A spokesperson of the Egyptian Ministry of Foreign Affairs, Ahmed Abu Zeid, issued a statement on Monday evening condemning what he described as attempts in the media to twist of Egyptian Foreign Minister Samah Shoukry’s words into implying that the killing of Palestinian children did not constitute terror.
“Anybody who has ears can check the video of the meeting with the high school students that is available on the Facebook page of the the spokesman of the Foreign Ministry and be sure that the question posed by the children had no connection whatsoever to the murder of innocent Palestinians,” the statement read.
“The question was a theoretical and general one regarding the reason that the international community does not define Israeli actions against Palestinians as terror. The minister answered that there is no international consensus on the specific legal definition of terror and that there is an international debate regarding the distinction between legal meanings and state meanings of the term ‘terror.’”
The statement was issued after Egyptian Foreign Minister Samah Shoukry spoke with Egyptian high school students at the Foreign Ministry headquarters in Cairo when he was asked why the Egyptian government doesn't define Israeli and American actions in the Middle East as terrorism.
The student also inquired as to why attacks occur all over the Arab world, but not in Israel.
"We can look at this issue and define it as a 'rule by force,'" the foreign minister answered. "However, there is nothing to suggest that there is any connection between Israel and terrorist organizations. There is nothing that leads to this conclusion."
He continued, saying "Of course Israel, in keeping with its history, is very strong in terms of security. Since 1948, for some perspective, that same society has been dealing with a lot of challenges which have instilled in it the concept of security, the takeover of land, and the control of border crossings."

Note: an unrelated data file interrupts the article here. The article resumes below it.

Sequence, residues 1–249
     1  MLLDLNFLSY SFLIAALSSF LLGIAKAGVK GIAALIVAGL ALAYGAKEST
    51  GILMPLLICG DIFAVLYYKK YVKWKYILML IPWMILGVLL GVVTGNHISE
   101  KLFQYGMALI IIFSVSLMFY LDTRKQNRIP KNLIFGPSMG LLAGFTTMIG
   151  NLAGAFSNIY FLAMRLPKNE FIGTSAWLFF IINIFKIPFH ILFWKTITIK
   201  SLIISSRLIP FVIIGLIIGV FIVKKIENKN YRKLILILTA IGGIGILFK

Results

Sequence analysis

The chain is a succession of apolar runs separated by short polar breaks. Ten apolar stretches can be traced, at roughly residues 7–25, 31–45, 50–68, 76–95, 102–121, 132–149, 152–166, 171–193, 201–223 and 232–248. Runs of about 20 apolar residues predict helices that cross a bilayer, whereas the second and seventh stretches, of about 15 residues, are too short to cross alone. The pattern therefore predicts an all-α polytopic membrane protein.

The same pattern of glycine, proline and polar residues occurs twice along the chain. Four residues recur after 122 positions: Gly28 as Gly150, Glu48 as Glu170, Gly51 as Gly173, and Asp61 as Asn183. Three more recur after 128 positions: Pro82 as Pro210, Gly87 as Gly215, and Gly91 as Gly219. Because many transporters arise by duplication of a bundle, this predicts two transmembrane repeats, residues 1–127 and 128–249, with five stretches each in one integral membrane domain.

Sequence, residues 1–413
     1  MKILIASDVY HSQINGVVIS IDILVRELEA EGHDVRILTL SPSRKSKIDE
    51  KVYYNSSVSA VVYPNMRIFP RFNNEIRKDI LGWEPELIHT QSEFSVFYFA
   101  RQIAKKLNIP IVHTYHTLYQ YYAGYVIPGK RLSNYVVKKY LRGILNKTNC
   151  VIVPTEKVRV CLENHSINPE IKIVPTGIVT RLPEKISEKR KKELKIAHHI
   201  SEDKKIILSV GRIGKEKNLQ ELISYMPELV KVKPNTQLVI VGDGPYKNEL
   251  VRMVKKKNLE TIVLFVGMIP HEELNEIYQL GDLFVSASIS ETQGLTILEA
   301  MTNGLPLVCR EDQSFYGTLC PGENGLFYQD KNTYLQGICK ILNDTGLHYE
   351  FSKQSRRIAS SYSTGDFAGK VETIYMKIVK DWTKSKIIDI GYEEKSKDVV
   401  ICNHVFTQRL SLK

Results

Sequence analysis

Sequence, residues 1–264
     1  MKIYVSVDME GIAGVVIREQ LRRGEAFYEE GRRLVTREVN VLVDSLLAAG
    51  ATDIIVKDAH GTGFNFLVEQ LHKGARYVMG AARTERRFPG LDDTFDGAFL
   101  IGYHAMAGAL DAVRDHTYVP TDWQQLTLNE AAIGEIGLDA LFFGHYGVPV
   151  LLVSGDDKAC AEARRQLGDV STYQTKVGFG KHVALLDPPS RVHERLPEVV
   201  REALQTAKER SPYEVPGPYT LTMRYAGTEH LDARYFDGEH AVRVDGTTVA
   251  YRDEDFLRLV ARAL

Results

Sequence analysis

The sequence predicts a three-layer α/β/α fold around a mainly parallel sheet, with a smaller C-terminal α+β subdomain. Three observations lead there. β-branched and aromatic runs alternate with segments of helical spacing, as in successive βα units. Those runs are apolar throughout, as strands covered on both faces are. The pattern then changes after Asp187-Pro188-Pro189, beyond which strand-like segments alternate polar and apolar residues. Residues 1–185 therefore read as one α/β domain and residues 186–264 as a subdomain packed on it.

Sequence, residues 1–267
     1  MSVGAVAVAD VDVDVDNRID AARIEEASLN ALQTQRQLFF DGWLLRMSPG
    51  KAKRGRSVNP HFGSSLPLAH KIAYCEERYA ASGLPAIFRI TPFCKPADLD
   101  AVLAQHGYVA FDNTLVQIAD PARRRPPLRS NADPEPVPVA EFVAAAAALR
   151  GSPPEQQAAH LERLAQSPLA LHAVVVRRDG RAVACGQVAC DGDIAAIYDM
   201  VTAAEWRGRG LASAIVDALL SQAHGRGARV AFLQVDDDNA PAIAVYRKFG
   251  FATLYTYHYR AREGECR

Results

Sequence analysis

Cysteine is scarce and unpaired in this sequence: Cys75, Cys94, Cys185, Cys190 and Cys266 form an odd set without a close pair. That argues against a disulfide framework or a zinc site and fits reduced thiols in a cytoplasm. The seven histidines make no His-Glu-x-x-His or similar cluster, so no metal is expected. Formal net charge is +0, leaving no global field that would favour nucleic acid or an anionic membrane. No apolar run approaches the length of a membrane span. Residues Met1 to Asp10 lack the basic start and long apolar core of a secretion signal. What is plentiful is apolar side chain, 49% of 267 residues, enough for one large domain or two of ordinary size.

Shoukry clarified in his discussion with the students that "the international community has yet to come to a consensus as to what constitutes terror. Under a political framework, illegitimate military actions are also considered illegitimate by the international community. The state's intervention into the affairs of other states goes against the UN charter. In order for a specific action to be considered terror, it must be a consensus amongst the international community, as there is no exact legal definition regarding what is terror."
The discussion with the high schoolers grabbed headlines all over Egyptian and Arabic media, with the London based "al-Arabi al-Jadida" writing in its headline "Samah Shoukry: the murder of Palestinian children by Israel isn't terrorism."
The newspaper also pointed out the fact that the Egyptian Foreign Ministry website only says that Shoukry met with high schoolers at the Foreign Ministry Headquarters, but says nothing about the questions posed by the students.
Meanwhile, Turkish news agency Antalya reported that a delegation Israelis left Cairo following a meeting which lasted several hours. According to the report, the Israelis met with high ranking Egyptian officials to discuss renewing the peace process between Israel and the Palestinians.